CMS expects to release forms, related instructions for the subsidy and actuarial attestation, and guidance relating to data submissions and subsidy payments, this spring.

Becoming a Prescription Drug Plan
Plans that wish to do so may sponsor their own prescription drug plan (“PDP”) or Medicare Advantage prescription drug plan (“MA-PD”). CMS has begun to issue employer group waivers in order to facilitate this option. In general, plans do not need to apply for waivers for PDP purposes; they will be automatically granted. CMS expects to continue issuing waivers, either of its own accord or at the request of plans. Waivers that are granted on a case-by-case basis will apply to all similarly-situated plan sponsors.

Updated guidelines indicate that an initial notice to sponsor a PDP or MA-PD in 2006 must have been provided to CMS by March 23, 2005. The Notice of Intent to Apply packet is available online at Complete applications, forms for which are not yet posted, will be due April 18, 2005. Formulary submissions are due by June 6, 2005.

Other Options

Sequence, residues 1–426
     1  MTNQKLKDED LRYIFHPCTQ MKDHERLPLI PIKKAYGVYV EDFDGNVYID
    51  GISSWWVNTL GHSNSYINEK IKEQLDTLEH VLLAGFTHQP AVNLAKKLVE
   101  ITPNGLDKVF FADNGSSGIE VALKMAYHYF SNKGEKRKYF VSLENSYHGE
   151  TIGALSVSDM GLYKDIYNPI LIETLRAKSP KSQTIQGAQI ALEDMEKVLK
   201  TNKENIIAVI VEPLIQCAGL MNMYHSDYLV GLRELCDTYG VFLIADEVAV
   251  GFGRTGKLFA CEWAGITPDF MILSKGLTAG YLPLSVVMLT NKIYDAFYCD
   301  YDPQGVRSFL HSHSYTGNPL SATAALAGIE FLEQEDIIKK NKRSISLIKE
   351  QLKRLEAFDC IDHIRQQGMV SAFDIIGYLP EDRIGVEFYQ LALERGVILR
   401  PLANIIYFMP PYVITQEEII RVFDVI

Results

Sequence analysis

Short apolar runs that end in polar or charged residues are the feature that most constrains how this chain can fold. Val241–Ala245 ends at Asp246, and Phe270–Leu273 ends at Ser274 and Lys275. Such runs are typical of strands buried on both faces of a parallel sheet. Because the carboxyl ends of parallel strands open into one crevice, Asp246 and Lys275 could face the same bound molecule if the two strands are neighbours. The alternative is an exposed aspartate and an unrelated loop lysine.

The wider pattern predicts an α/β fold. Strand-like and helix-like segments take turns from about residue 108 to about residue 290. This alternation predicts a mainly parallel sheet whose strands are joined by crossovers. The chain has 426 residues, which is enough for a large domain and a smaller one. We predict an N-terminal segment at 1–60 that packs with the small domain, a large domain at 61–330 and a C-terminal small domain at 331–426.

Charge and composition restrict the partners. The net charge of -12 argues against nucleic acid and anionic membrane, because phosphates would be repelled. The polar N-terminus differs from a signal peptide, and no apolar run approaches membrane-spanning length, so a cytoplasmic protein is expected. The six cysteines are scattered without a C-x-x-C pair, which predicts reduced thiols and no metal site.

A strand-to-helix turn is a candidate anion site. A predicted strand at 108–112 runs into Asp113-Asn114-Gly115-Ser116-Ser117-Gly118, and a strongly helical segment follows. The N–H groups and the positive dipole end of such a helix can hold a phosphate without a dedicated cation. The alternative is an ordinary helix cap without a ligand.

For plans that choose not to apply for the subsidy, there are several other options for retiree prescription drug coverage that have been endorsed by CMS in subsequent guidance. Some of the alternatives to offering creditable coverage and collecting the subsidy include:

  • Offer creditable coverage but forgo the subsidy. As mentioned above, plan sponsors who do not wish to apply for the subsidy may offer coverage that is considered creditable coverage by meeting a simpler actuarial equivalence test than the two-pronged test described above. This option avoids the complexities of applying for the subsidy while allowing plans to offer coverage that will permit their retirees to participate in Part D in the future, without incurring late enrollment penalties.
  • Contract with an MA-PD or PDP plan to offer customized benefits. This option would allow plan sponsors to take advantage of the waivers offered by CMS without having to meet CMS’s short time table for applying to be a PDP because the contracted MA-PD or PDP will be required to conform to a separate process (as an independent Part D provider).
  • Offer a Part D premium payment plan. Premiums for Part D coverage are set by CMS. In 2006, premiums are expected to be $35 per month, or $420 per year. This figure will be adjusted annually. This amount, if paid by the retiree, would not be included in TrOOP, so covering it would not delay catastrophic coverage for retirees, and would serve as a valuable savings to those living on fixed incomes.
  • Offer supplemental coverage that coordinates with Part D in the same way that a retiree medical plan might coordinate with Part A or Part B of Medicare. Keep in mind that this coverage may affect the catastrophic coverage threshold.